By most accounts, Rob Ford is a very good football coach. He’s not a very good mayor.
So why keep forcing the issue? Amidst damning allegations that he’s been using office staff and resources to help run his high school football team, Ford should do the only sensible thing: leave this city hall business behind and focus on football. He should devote his time to the job he’s good at.
For a guy who knows way more about passing footballs than he does about passing items at city council, ditching politics for sports is an obvious choice.
On the field, Ford has a respectable record. His Don Bosco Eagles routinely post winning seasons and challenge for championships. Even more impressive is that Ford essentially built the school’s football program from nothing, giving kids from low-income neighbourhoods a new chance to get involved in something meaningful.
There’s no doubt Ford has helped kids graduate and kept them away from gangs. He’s made lives better.
In committee rooms and council chamber at city hall, however, the mayor’s been an ineffective mess. His antics routinely distract the public from important issues like transit, housing or taxes. And there’s a mounting pile of evidence that says he just can’t be bothered to show up to work as often as he probably should.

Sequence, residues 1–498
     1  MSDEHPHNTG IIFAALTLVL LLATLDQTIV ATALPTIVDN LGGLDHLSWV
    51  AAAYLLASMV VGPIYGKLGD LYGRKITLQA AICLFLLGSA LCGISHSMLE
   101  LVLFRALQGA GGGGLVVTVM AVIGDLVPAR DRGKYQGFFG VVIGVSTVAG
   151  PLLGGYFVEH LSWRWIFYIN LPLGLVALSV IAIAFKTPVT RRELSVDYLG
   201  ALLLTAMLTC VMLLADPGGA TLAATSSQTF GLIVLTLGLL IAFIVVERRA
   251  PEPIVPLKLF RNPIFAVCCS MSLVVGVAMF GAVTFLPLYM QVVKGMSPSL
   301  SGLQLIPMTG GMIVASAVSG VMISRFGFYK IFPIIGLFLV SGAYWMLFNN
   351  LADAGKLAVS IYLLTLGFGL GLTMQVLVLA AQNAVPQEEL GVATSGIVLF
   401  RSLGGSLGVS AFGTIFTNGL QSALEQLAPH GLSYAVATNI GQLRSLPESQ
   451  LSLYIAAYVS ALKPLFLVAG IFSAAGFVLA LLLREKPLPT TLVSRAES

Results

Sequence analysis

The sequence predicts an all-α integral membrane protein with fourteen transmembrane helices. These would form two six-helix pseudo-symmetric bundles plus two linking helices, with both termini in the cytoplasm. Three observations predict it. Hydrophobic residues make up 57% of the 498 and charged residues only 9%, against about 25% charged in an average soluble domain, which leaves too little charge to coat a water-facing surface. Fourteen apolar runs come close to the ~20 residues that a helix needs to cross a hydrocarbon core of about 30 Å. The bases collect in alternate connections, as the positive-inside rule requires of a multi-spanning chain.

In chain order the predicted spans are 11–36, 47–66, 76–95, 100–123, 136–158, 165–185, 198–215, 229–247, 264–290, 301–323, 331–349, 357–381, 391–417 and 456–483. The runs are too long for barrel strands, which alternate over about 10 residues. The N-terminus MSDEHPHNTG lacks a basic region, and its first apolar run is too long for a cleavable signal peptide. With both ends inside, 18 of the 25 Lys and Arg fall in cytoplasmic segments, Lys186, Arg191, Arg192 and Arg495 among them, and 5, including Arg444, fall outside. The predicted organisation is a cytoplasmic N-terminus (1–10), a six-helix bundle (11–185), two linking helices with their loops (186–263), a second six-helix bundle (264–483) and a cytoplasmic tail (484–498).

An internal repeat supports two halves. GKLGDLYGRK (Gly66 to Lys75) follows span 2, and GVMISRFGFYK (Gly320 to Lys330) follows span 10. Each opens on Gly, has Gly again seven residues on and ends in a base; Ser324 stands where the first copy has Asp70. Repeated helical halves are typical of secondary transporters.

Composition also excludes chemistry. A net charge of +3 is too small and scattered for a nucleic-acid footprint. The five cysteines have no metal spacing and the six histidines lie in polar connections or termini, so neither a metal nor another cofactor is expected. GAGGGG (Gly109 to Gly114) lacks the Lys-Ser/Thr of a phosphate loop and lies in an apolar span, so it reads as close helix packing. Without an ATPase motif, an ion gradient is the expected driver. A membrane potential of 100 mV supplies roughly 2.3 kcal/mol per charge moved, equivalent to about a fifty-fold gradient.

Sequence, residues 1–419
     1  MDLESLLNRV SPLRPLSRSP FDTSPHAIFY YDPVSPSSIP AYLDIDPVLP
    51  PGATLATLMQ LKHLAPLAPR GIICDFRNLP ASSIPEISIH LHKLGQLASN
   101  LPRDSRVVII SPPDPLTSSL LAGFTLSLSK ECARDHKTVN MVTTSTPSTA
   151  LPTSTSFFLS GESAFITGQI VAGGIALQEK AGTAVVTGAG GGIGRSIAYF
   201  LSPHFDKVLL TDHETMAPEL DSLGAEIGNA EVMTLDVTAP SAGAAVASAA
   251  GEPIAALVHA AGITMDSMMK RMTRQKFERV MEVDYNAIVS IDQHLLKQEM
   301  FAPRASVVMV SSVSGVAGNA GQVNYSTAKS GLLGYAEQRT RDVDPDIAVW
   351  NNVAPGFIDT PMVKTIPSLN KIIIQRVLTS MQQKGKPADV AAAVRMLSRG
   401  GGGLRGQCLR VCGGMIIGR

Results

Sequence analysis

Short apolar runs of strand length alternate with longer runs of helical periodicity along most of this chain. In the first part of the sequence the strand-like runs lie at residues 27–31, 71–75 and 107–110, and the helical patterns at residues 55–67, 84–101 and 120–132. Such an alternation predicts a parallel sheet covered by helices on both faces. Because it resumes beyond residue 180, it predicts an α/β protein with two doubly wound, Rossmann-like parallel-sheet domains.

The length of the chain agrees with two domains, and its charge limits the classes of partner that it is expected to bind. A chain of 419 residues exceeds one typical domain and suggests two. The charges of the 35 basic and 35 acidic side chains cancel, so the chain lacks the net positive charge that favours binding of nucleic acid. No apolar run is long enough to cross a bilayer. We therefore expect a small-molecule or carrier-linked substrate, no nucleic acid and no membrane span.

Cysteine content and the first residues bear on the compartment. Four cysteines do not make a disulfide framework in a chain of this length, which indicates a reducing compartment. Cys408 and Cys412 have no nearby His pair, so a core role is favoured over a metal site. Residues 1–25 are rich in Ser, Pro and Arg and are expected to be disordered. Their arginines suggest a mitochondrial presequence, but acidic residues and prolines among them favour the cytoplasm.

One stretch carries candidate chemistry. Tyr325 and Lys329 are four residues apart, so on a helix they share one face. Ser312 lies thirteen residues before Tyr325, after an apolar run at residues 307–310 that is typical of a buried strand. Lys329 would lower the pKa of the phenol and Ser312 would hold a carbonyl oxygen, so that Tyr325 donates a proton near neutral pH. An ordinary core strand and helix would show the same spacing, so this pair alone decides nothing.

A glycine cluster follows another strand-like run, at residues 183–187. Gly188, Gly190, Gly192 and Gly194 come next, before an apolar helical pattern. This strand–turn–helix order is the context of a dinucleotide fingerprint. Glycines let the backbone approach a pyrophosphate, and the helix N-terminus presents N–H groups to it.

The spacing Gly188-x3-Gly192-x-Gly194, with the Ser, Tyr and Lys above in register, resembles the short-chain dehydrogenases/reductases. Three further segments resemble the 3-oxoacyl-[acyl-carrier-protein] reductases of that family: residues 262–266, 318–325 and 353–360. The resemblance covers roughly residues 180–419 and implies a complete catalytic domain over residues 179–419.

Even supporters who consider themselves fans of Ford’s core principles — slashing budgets, ending the war on the car, complaining about socialists, etc. — have got to realize that the mayor has killed any chance he once had at turning those principles into policy. He hasn’t won a significant vote at city council in almost a year.
The mayor simply doesn’t know how to score points in the city hall game. Rob Ford’s political playbook is nothing but a single scrawled piece of paper that reads “YELL ABOUT STUFF.” And, even though it’s a proven loser, he keeps running that same play.
More importantly, football seems to make Ford happy. When he stood on the stage at a backyard party a couple of weeks ago, his fiery speech culminated not with future political goals but with a booming promise that he would take his kids to the Metro Bowl championship this year.
I don’t think I’ve ever heard him so enthusiastic. Football inspires Rob Ford in a way that being mayor doesn’t.
And there’s nothing wrong with that, except that it’s become clear that there’s not really room in his life for both politics and coaching. Ford has got to choose between the mayor’s office and the football field.
He should pick the field. Out there, at least, Rob Ford knows how to win.